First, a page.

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What is a Good Bounce Rate?

High bounce rated could be attributed to a variety of different scenarios. The danger with bounce rate is that it really only tells you one thing: the percentage of people who came to and left the website from the same page they landed. That’s all. I often get asked, “What’s a Good Bounce Rate?” And like all  the times I get asked, “Whats’s a good__(CPC, CTR, Conv. Rate)_?” My response is the same. It depends.

Bounce rate doesn’t tell you why they did. Remember that each visitor is different and has a  different experience when they visit your site. Its reasonable to assume they leave for different reasons.

This is just a quick read to give advertisers some reasonable and possible conclusions regarding bounce rate. I’ll also give you some steps you can take to improve bounce rate or otherwise disregard it.

Suppose you get into your analytics and you notice the following bounce rates:

Bounce Rate                     Landing Page Type

Adgroup 1                     67%                                    Homepage

Adgroup 2                     58%                                    Product Category Page

Adgroup 3                     89%                                    Product Description Page

How to Decipher: What is a Good Bounce Rate?

To make this example easier, I’ve provided 3 adgroup possibilities with varying landing page types. It is recommended that you read all the scenarios even if you only point your ads to 1-2 of the landing page types. It is possible the dissection could prove helpful in all situations.

Adgroup 1- Landing on the Homepage is 67%.  Unless the homepage contains no actionable links and no other form of navigation, I’d say that’s high. Since we’re reviewing analytics, I’m assuming the website has a conversion path we’re trying have vistors follow. If 67% of visitors come to the site but neglect deeper page views, I would begin to look at qualifying buyers through Search Query reporting. If all the queries seem relevant from there, I would turn my focus to how well my landing page facilitates my visitors needs. Here, I would notice if the page content is relevant to the visitors inquiry, the linkable navigation is clear, overall presentation is professional and well placed, and your initial price points are competitive. I could probably go on for hours about how advertisers could optimize their landing pages but this blog piece is on bounce rate.

If the homepage bounce rate for Adgroup 1 is still higher than 40% after considering the above, I would ask myself if I am qualifying visitors through the ad and if my keywords could possibly have duplicate meaning. These examinations could hold true for any bounce rate.

Adgroup 2- Landing on Category Page is 58%. Category pages are usually optimal places to send advertisers. Category pages serve has a buffet for advertiser inquiry when they come to your website. First they type the search query into Google. Then they land on a page that contains an identifiable link to what they are looking for. They may click there to look up more detailed information about their product of interest, but they have also taken a mental note that there are other similarly related products on your website. In this instance is likely that visitors will explore and have more pageviews in the single session.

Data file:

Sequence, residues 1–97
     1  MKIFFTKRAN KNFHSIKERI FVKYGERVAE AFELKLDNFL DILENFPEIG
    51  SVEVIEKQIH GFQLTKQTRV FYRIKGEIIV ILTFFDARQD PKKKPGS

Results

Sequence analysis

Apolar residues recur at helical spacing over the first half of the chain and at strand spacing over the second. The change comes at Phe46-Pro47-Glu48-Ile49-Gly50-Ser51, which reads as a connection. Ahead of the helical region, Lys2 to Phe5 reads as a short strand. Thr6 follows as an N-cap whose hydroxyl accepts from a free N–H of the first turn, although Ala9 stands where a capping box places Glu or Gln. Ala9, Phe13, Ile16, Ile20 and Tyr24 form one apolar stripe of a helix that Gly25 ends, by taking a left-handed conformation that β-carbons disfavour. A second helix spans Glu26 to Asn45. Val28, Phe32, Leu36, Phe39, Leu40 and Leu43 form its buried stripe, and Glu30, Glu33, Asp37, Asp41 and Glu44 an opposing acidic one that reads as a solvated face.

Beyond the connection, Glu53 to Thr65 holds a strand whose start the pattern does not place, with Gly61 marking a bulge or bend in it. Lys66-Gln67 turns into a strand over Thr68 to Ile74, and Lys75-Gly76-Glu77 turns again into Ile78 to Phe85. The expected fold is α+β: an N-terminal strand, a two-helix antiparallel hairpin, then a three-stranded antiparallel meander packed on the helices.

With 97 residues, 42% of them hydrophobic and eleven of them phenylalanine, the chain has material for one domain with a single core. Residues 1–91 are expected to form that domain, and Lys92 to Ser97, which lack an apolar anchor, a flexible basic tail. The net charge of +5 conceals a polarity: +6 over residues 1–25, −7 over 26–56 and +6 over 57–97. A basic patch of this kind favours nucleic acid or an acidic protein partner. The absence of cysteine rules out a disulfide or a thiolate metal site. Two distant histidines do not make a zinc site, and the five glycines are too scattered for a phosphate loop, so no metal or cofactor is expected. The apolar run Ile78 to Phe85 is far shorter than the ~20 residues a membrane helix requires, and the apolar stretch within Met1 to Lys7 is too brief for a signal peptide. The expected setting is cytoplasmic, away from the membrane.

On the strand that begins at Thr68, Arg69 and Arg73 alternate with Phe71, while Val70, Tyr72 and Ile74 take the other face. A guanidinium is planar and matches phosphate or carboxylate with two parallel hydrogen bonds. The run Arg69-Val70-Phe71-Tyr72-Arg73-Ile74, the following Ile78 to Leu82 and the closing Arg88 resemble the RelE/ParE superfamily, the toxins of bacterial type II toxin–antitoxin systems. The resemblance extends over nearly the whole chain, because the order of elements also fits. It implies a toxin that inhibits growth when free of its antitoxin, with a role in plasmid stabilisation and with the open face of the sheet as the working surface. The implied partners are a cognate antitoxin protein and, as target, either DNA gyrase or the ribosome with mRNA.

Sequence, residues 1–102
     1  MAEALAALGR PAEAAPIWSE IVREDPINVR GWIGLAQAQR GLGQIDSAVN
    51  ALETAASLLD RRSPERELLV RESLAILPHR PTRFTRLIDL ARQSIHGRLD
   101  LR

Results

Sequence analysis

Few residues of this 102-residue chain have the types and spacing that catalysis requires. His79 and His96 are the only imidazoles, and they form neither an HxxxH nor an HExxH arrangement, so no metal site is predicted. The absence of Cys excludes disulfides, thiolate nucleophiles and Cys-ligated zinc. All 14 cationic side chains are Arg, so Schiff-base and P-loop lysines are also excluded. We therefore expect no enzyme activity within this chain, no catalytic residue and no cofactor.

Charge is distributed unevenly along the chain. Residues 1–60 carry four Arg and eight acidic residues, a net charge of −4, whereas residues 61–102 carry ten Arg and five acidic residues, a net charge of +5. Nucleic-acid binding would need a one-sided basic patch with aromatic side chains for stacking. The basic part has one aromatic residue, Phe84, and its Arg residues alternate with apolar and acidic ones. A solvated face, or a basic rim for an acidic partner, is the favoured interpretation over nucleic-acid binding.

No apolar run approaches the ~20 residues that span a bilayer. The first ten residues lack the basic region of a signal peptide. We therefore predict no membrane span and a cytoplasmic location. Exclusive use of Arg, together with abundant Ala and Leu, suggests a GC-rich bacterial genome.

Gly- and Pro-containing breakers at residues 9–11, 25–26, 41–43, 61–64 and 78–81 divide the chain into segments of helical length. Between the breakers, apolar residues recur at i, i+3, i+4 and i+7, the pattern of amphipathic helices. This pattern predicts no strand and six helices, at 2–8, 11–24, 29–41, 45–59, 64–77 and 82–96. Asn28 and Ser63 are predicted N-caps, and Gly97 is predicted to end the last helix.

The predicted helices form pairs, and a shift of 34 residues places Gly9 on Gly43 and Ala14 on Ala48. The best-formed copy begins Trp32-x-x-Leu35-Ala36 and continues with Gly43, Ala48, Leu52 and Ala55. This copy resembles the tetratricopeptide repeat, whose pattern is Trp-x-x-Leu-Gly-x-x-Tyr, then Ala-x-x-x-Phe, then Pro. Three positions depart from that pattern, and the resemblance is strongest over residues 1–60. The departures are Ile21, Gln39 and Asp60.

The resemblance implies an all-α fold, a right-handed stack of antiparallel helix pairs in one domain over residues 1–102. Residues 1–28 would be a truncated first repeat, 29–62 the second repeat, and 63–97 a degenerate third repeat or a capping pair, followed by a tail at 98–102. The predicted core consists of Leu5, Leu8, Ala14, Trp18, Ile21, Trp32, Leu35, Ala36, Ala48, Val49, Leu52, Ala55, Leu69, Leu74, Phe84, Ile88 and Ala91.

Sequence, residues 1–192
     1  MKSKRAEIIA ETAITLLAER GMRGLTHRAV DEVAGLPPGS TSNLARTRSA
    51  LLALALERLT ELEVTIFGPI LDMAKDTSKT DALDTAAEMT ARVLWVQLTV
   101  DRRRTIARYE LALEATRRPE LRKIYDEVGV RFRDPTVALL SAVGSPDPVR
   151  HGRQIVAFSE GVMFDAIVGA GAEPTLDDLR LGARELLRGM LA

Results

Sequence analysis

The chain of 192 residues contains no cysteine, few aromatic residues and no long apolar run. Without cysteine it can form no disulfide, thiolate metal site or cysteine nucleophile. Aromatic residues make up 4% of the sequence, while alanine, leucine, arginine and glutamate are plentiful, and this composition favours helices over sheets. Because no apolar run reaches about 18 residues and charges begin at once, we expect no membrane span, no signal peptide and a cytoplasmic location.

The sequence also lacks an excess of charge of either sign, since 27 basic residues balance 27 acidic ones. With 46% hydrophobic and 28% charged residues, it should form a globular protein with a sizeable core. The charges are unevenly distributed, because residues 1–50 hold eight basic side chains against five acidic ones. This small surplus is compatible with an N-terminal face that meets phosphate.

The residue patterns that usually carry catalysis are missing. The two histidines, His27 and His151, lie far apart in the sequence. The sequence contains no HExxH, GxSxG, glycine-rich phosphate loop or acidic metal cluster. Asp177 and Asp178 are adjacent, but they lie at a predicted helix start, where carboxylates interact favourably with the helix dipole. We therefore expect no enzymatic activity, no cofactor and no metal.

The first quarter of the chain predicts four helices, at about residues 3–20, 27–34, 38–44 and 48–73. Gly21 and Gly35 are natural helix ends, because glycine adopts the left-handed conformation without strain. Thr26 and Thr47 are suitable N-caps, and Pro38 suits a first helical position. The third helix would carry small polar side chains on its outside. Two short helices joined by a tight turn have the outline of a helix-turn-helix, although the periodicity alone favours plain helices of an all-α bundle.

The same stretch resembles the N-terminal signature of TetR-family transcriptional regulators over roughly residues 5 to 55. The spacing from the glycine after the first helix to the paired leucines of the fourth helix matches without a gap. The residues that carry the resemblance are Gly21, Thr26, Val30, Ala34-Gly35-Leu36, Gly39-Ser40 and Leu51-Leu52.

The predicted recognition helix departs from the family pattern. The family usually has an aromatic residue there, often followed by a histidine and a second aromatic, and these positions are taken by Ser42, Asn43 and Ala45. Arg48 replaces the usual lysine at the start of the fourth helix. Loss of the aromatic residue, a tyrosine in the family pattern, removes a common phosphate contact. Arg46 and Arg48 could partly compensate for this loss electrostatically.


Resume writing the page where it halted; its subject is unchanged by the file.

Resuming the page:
Because of this, high bounce rate is less frequent when the product/product type/product brand options are nicely presented on the category page. If you have a less than optimal category page landing, I would try testing the same ad with a hompage landing to see if the bounce results differ greatly. If you have good presentation, I would move on to qualifying visitors through the ads, keywords, and search query reports.

Adgroup 3-Landing on Product Page is 89%. The reason why why I made this example the highest is because we often see high bounce rates when the ads are pointed to product specific pages. Product pages for landing is the most precise way you can deliver on someones query though its often not the most optimal. For instance, your product pages contain all the relevant information a visitors needs about that product when they land there. Buyers are shop savvy on the internet. They typically consume all the information they need including product price, description, images, product options, shipping info, and then they are off to one of your competitors. They have effectively been propositioned with a yes/no decision to make about that one product and your chances of converting have been diminished.

You won’t have a better choice of landing pages if your buyers would only have potential interest for that one product. But if you offer similar products/types/brands that the buyer might be interested in, it is best to land them on the category page. If you decide that the query holds the potential for one specific product to be purchased, lead them to the product specific page but know bounce rates typically are very high on these pages. 70-90% Bounce, 1-10% convert, and 2-29% will visit another page on your website. This is normal but still explore the above techniques to qualify the queries before they click on your web page.

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